It was good news for disaster victims all over the country and in Puerto Rico when the U.S. Congress early Friday finally cleared an impasse formed around partisan policy disagreement and approved a massive budget measure that includes almost $90 billion in disaster relief.
A considerable amount of that money will come to Texas to pay for Hurricane Harvey aid and recovery.
The bill includes a third round of federal disaster relief that had been discussed since the U.S. House of Representatives voted 251-169 in December to approve an $81 billion disaster aid package.
Friday’s $89.3 billion in disaster relief includes $15 billion for the U.S. Army Corps of Engineers to conduct flood mitigation projects and about $28 billion to the U.S. Department of Housing and Urban Development for Community Development Block Grants, among other items.
The relief bill also includes $25 million for programs funded under the McKinney-Vento Homeless Assistance Act. The 1987 federal law classifies students displaced by natural disasters as homeless and requires school districts to transport them even if they are living far outside the district’s boundaries.
The $25 million will allow districts to apply for reimbursement for those transportation costs, officials said.
The work’s not over for lawmakers with Friday’s successful action, however. We argue that despite the time, work and politicking it took to pass this bill, the real struggle has just begun.
That struggle is ensuring the vast amounts of public money being spent on behalf of, and at the burden of, taxpayers is being spent wisely and efficiently.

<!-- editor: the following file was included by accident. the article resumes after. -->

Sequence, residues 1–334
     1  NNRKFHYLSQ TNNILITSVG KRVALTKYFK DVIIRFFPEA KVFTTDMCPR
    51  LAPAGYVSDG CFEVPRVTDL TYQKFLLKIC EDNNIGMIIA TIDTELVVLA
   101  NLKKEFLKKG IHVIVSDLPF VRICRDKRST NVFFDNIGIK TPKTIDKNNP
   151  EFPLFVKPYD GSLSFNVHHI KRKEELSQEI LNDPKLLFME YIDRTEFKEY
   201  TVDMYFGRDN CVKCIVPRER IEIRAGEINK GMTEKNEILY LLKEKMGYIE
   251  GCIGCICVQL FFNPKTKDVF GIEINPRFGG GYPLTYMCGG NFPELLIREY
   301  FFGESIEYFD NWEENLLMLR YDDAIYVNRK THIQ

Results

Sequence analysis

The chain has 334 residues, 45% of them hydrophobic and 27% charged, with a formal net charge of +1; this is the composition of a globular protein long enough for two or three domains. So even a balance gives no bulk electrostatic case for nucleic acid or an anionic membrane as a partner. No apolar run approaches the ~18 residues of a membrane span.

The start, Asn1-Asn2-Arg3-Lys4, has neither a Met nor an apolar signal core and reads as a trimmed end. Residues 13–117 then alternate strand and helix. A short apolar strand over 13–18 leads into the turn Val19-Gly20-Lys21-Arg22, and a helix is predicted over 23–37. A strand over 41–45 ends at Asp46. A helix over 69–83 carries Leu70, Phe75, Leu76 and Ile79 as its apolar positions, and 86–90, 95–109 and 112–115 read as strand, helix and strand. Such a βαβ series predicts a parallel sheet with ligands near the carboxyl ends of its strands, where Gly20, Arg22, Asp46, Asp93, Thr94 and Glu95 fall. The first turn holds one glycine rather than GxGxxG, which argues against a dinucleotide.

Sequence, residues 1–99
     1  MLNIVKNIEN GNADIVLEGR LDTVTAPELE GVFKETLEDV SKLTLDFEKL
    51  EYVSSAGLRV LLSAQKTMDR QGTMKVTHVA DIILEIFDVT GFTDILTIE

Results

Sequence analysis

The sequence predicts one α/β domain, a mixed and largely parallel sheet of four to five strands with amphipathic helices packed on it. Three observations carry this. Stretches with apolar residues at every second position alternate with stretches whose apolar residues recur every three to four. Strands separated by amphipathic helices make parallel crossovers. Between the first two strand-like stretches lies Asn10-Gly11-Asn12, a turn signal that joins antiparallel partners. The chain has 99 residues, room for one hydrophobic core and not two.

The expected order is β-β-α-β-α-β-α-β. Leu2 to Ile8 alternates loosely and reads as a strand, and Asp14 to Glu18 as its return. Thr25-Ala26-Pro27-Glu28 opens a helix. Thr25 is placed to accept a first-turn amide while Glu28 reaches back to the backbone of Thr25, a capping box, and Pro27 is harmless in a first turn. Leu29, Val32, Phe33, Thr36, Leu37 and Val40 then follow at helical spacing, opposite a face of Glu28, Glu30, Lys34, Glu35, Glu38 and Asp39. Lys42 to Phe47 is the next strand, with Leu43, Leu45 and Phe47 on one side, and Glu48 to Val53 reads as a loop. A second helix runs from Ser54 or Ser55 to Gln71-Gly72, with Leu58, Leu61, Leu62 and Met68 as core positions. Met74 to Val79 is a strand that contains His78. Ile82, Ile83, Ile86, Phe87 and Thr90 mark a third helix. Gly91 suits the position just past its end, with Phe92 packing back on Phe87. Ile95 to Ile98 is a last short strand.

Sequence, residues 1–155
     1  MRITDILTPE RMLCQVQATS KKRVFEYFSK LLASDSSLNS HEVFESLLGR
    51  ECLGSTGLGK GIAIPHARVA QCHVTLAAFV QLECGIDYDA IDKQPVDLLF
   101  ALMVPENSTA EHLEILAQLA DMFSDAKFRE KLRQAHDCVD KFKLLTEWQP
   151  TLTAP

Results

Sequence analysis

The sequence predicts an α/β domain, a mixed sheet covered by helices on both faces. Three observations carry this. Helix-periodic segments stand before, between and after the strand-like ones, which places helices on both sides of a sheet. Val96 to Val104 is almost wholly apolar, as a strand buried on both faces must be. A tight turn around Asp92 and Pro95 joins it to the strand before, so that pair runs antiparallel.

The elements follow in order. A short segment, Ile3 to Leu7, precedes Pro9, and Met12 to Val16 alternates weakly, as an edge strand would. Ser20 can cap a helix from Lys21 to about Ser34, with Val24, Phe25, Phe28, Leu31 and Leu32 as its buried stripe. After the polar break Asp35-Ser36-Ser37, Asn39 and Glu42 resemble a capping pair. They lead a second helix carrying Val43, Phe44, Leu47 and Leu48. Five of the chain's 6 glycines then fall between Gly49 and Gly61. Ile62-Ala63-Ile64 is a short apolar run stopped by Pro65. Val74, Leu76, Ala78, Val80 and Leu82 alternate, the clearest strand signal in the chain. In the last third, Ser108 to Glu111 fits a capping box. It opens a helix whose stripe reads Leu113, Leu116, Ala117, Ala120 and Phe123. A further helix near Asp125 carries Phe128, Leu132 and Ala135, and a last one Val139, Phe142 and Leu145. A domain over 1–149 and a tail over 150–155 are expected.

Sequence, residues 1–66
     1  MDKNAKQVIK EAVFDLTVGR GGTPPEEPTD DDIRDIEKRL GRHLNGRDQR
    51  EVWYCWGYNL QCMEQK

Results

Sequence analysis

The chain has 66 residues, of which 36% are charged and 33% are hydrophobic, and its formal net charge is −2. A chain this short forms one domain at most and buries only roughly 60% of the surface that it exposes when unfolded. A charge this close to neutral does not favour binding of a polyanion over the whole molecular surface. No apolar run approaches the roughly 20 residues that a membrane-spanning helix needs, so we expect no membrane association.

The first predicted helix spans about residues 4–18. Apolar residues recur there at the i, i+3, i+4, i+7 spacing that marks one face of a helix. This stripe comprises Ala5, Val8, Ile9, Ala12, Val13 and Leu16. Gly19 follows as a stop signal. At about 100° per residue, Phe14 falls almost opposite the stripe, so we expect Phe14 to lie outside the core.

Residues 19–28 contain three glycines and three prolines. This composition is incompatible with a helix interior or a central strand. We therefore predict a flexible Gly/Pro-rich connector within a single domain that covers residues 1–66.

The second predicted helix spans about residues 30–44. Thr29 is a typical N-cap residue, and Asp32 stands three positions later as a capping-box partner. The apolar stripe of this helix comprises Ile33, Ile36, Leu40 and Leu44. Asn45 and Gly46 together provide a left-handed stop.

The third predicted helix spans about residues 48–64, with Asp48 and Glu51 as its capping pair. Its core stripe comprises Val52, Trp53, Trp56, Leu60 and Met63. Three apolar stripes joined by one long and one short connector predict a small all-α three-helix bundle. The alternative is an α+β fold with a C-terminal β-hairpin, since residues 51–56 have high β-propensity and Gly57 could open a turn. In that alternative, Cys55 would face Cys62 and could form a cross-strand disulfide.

We’ve seen enough evidence to doubt that it is and to argue that federal and state agencies charged with the direct administration of disaster recovery money can’t be trusted to act in the taxpayers’ best interest without very close legislative oversight.
For example, The Federal Emergency Management Agency awarded a $156 million contract to deliver 30 million meals to Puerto Rico after Hurricane Maria to an Atlanta-based entrepreneur with no experience in large-scale disaster relief and at least five canceled government contracts in her past, The New York Times reported earlier this month.
As anyone could have predicted, the one-woman shop failed to complete this massive logistical mission, forcing the government to start over.
Meanwhile, the five months it took for the state of Texas to get immediate, temporary housing programs underway after Hurricane Harvey make us worry the same sloppy contracting probably also is happening here and now.
Congressional Democrats want to blame the Trump administration for the recent meals fiasco, but the problem is systemic and predates Trump by years.
After Hurricane Katrina in 2005, for example, a bipartisan congressional investigation found that a failure to secure advance contracts led to chaos and potential for waste and fraud, the Times reported.
Apparently that’s still the case.
This is not just a matter of some bad contracts slipping through in the rush to respond soon after a disaster.
The effort to replace Galveston public housing demolished after Hurricane Ike is a HUD-funded disaster recovery project almost a decade in the making. Yet the contracts awarded so far and so long after the crisis raise numerous questions about how well recipients of federal millions were vetted, and whether they’ll be able to provide what the taxpayers bought.
It’s good that lawmakers have approved a large amount of money for people struggling after several natural disasters. We urge those lawmakers to do those people and rest of the taxpayers another good service by keeping a close eye on these dollars by demanding fiscal responsibility and accountability from state and federal agencies doling out the dough.
Allowing waste, fraud, abuse and simple dimwitted decision-making in such programs is, more than any other cause, what makes normally generous Americans come to resent helping their neighbors.
Failing to combat it and correct it undermines the whole concept of cooperative democracy and makes us a weaker nation.
• Michael A. Smith